Nadia: The first time was the most difficult one. I was nervous the night before the interview. He was a cannibal and had requested to be alone in the room with me during the interview, without handcuffs. I had agreed, but I didnít know what to expect since I had never faced one of these individuals. Nonetheless, I had taken precautions such as not wearing high heels, earrings that could be pulled, etc. When I finally met with Arthur Shawcross, I was surprised to see someone who did not frighten me. He looked like a normal man and didnít seem aggressive. He was smiling and was acting nicely. Contrarily to the night before, I was in my ďjournalistĒ mode and so I concentrated on my questions and the killerís answers. I didnít get surprised or afraid. I was there to have answers. When I left the place, I could finally decompress and be happy about the answers I had received, which helped me understand the reasons why they did what they did.
Rich: What made you decide you wanted to be in your chosen profession?
Nadia: Iíve always been curious about peopleís thoughts, psychology, what isnít told. Thatís the reason why I started as an interviewer with sports personalities and ďout-of-the-ordinaryĒ people, talking about their lives and what the public didnít know about them instead of talking about their scores.
Rich: Has your job ever taken you into any dangerous situations?
Nadia: When patrolling with the Real Life Super Heroes, we faced gunmen 3 times. The first time, a man wanted to shoot at us. The second time, the superheroes separated two men who wanted to shoot each other. The third time, we were in the middle of a shooting.
Rich: Besides your career how do you spend your time?
Nadia: I help teens and young adults through life coaching. I love to travel to different countries, discover cultures and mentalities. I sing. Iím learning piano. I continuously go to school to learn new things. And I spend my time with my amazing husband.
Rich: Do you have another book planned or are you currently working on one?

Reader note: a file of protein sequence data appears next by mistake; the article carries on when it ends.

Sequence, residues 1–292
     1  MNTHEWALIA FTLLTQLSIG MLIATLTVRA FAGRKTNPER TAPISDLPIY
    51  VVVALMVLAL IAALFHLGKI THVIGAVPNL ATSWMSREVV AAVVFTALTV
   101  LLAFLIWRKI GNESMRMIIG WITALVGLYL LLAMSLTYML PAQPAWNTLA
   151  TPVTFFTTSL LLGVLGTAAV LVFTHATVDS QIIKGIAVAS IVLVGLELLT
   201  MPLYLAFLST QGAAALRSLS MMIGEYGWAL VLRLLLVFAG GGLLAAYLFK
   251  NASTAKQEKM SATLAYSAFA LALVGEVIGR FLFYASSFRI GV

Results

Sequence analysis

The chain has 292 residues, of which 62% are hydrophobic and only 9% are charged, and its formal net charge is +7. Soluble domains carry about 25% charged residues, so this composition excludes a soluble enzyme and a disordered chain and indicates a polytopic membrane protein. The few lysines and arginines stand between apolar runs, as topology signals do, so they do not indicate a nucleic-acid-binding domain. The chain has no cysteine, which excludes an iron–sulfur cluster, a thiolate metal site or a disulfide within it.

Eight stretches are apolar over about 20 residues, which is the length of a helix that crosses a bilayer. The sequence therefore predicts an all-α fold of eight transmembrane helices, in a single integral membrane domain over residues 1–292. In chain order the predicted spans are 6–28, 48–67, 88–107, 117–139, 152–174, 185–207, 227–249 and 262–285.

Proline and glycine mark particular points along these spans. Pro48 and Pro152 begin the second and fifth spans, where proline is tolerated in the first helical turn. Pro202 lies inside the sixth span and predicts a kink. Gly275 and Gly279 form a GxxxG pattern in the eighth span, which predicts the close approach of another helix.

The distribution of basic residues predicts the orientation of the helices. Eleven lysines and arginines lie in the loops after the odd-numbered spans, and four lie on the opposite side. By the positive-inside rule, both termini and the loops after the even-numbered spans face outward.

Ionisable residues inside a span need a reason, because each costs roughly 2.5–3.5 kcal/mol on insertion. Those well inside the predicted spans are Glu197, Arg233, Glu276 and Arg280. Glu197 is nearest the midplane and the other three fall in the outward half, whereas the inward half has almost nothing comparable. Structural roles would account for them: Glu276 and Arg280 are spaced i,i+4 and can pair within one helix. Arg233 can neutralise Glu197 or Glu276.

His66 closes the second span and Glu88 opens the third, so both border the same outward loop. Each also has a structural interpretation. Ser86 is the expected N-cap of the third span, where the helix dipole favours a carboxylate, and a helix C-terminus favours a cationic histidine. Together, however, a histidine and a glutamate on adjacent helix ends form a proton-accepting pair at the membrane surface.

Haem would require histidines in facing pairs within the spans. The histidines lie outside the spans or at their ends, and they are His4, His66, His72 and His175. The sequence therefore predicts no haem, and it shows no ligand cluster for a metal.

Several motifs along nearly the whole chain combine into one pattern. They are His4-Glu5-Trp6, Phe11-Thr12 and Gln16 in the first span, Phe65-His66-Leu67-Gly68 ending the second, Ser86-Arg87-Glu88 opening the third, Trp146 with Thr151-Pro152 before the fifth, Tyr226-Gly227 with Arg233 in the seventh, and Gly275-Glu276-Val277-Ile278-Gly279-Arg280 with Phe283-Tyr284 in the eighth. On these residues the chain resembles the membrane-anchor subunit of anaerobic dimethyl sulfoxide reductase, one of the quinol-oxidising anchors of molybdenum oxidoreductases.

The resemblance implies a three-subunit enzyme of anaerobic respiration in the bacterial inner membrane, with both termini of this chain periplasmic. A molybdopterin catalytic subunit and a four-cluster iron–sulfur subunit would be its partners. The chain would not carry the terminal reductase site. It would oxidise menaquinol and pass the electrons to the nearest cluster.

Nadia: I have several projects, none that I would make official yet. I am currently working on a series of articles where I interview hard rock/heavy metal stars for a magazine.
Rich: Do you think anyone can be a hero?
Nadia: I think anyone with a good heart can be a hero. And people do not need to be a ďsuperĒ hero and dress up at night to fight crime. When I was in San Francisco in December, one superhero gave a coat to a little girl who had none. The mother was emotional, as she couldnít afford to buy one. That, to me, is heroic. Imagine people helping older people who can barely walk get their groceries, people getting free clothes for the little boy who is going to school and is made fun of because of what heís wearing, people listening to someone who feels lonely and depressed, people helping the kitchen where they give food to the poor. All these people are heroes. Itís just a matter of choosing the right campaign and purpose.
Rich: What would you like to say to those who enjoy reading your books?
Nadia: For many of us, helping others feel very good. It gives us a sense of purpose, feeling of happiness, and makes the world a better place. Go out there. Find a cause you care about and help people the way you would have like to be helped. It doesnít need to be something very demanding. You can help your older neighbor who is having trouble carrying bags and offer to go grocery shopping with them once a week. You can do fun things like creating a writersí group for teens to put their emotions on paper. You can visit the Human Society and be there to play with animals once a week. It feels so good!
On a more personal note, I would thank those who read my work for helping me do what I love. I hope my readers may feel a sense of adventure, but I the goal is really to share with them the things I have learned and experienced.